New HudsonAlpha Building is 'Next Step' for Alabama Biotech Industry

More sweeping views across a high, open lobby. More glass and natural light. More tall columns of Alabama pine. More of everything that helped make Huntsville’s first HudsonAlpha Institute for Biotechnology building a magnet for national biotech talent and virtual tourist attraction.

It’s all here again in a new 100,000-square-foot building opening on the HudsonAlpha campus in Cummings Research Park. Located behind the Jackson Center meeting facility an easy walk from the original building, the new Paul Propst Center will house the institute’s growing education and research programs and its growing biotech companies.

“The design feature of funneling people into encounter spaces is being carried over into this building,” HudsonAlpha Director of Operations Gregg Tyree said on a recent tour. “There’s not a dozen places to get in this building. You’re going to come in those front doors, and it’s going to force opportunity for encounter.”

Glass-walled offices that allow tenants to see who’s available across the atrium for a quick chat are among the intentional features to foster collaboration and inspiration. Limited access points and common sidewalks are another way to stimulate walking and talking together.

The huge building also features “clean rooms” for handling biological samples, private rooms for counseling patients from the center’s genomic medicine clinic, and classrooms and labs for the students and teachers who come each year from across north Alabama.

Since its opening, HudsonAlpha has reached about 4 million people with its education programs headed by Dr. Neil Lamb. That includes students, educators, clinical professionals, patients and members of the public who participated in internships, teacher training workshops, public seminars and clinical training. It also includes digital downloads of the institute’s educational games like iCell and Touching Triton.

The institute is designed to grow small biotech companies into larger companies. “What is the two-person startup moving from a university’s lab or their garage going to need?” explained Carter Wells, vice president of economic development. “We’ve got a number of 240-square-foot lab spaces. It’s a good size for a smaller company. Or as that company grows, we’ve got seven of them next to each other, so you can just expand as needed.”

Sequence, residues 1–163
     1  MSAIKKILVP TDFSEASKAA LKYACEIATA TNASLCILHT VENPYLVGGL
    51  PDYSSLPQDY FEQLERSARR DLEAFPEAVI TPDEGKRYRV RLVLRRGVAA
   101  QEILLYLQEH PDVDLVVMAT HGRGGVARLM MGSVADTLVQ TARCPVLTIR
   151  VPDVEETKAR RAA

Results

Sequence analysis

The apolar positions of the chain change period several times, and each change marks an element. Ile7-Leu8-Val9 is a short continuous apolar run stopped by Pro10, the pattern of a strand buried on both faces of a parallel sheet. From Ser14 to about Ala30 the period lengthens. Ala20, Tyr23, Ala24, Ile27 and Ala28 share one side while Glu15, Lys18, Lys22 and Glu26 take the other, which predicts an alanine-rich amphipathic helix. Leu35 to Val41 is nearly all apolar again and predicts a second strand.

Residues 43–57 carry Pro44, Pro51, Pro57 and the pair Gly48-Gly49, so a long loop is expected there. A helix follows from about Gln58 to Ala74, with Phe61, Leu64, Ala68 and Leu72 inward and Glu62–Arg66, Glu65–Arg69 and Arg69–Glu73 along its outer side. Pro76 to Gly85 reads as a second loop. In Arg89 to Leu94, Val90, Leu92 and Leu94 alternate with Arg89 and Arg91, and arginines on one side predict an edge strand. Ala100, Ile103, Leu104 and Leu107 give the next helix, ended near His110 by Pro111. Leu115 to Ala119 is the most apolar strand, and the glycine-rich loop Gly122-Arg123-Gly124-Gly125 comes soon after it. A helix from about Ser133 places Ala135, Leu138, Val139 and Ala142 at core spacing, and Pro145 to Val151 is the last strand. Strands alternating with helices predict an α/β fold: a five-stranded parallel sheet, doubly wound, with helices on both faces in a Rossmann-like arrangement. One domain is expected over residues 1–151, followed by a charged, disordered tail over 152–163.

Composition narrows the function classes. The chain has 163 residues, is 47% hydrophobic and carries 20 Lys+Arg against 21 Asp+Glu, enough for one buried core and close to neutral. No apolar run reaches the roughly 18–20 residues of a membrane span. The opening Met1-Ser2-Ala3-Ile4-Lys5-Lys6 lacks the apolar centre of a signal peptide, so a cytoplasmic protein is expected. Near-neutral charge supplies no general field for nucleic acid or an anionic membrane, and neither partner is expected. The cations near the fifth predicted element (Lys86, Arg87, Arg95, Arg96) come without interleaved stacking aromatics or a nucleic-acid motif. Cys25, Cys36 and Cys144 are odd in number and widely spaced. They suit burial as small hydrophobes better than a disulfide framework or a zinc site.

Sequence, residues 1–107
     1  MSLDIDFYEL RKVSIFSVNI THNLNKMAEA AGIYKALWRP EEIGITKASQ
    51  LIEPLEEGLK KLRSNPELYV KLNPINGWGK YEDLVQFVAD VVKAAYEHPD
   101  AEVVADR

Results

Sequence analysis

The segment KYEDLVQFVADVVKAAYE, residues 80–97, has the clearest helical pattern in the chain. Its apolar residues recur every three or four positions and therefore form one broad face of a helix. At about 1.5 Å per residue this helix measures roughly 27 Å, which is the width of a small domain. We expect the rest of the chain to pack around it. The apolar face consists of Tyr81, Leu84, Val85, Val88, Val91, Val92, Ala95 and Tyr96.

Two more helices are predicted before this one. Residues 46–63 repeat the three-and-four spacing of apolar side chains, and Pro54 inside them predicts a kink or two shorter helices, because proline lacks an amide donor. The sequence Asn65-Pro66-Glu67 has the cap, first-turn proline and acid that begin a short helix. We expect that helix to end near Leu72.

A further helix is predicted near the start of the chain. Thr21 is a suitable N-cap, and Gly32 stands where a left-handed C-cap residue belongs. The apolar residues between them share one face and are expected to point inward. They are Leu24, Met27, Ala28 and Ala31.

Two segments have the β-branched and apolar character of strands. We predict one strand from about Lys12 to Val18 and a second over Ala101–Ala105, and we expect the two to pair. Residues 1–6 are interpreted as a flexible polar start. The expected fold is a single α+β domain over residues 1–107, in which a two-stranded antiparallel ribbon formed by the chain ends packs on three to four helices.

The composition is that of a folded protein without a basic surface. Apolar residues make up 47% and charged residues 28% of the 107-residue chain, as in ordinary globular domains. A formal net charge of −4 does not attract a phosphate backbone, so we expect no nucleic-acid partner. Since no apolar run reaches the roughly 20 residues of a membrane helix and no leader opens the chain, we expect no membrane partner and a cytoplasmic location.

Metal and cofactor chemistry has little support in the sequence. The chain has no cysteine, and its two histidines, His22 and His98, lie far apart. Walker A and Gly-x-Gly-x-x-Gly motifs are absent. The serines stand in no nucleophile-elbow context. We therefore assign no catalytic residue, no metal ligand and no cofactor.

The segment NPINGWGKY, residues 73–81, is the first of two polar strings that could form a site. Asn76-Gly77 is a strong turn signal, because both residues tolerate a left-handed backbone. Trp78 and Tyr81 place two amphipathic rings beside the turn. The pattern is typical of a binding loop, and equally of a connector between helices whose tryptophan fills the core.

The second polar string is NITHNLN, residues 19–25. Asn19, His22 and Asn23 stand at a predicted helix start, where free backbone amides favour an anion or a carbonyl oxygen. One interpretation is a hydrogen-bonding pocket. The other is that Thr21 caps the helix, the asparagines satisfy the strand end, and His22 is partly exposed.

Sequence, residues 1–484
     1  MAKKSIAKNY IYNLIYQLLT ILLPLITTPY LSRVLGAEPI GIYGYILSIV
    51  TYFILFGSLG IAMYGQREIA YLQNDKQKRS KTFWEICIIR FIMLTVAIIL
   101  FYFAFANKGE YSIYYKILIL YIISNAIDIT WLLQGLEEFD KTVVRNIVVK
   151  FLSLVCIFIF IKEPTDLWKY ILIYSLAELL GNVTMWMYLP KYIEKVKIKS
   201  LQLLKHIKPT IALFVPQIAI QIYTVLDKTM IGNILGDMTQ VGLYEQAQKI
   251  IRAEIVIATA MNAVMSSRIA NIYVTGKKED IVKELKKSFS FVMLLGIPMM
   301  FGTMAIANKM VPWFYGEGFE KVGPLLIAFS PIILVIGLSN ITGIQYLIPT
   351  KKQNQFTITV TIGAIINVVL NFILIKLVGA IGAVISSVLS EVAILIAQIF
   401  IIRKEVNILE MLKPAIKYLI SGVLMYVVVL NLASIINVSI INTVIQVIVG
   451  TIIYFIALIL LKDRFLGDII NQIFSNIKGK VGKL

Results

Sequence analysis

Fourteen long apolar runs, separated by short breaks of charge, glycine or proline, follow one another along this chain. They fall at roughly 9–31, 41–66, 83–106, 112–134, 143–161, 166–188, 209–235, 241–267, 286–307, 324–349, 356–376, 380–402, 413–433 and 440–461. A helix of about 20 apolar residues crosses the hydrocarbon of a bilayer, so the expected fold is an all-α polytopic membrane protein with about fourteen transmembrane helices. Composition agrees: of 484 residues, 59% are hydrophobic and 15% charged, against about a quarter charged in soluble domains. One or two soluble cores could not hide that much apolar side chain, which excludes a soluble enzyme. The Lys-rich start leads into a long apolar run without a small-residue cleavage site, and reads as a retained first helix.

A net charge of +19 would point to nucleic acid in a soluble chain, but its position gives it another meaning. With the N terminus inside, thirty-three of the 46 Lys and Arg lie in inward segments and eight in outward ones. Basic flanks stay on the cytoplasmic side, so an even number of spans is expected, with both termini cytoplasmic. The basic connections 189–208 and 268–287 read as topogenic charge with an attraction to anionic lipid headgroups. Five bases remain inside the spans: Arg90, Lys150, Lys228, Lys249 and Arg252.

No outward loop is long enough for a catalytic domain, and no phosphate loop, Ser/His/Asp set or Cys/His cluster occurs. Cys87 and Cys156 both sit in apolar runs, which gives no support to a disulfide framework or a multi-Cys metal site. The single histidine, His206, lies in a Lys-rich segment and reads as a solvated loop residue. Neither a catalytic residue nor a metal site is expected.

“Incremental growth has always been the challenge for us,” Tyree said. “How do we accommodate the incremental growth? You know, ‘I need another lab, I need another office.’ We don’t want to lose them once they start growing. We want to keep them here…. We’re not your garden variety real estate company. We have companies we’ve done 14 or 15 leases with.”

The new building was funded by a $20 million state grant, center funds and a donation by Huntsville businessman and philanthropist William “Bill” Propst Jr. The building is named for his father, a North Alabama minister.

Institute President Dr. Rick Myers told a groundbreaking crowd in December that the institute has grown in eight years from five biotech companies to 35 and from 10 researchers to 16.

“This is the logical next step for the growth of not only HudsonAlpha but for the life sciences and biotech industry in North Alabama and in the Southeast,” Wells said this week.

Propst had a simple answer when asked why he made a key donation to get the building started.

“The work they’re doing out there, hopefully, and I think it will, produce some truly favorable results for cancer and maybe diabetes,” Propst said. “Anything they start to work on, if they’re successful, will not only help the city and the state, but the U.S. and even the world. So, I thought it was a worthwhile thing to do.”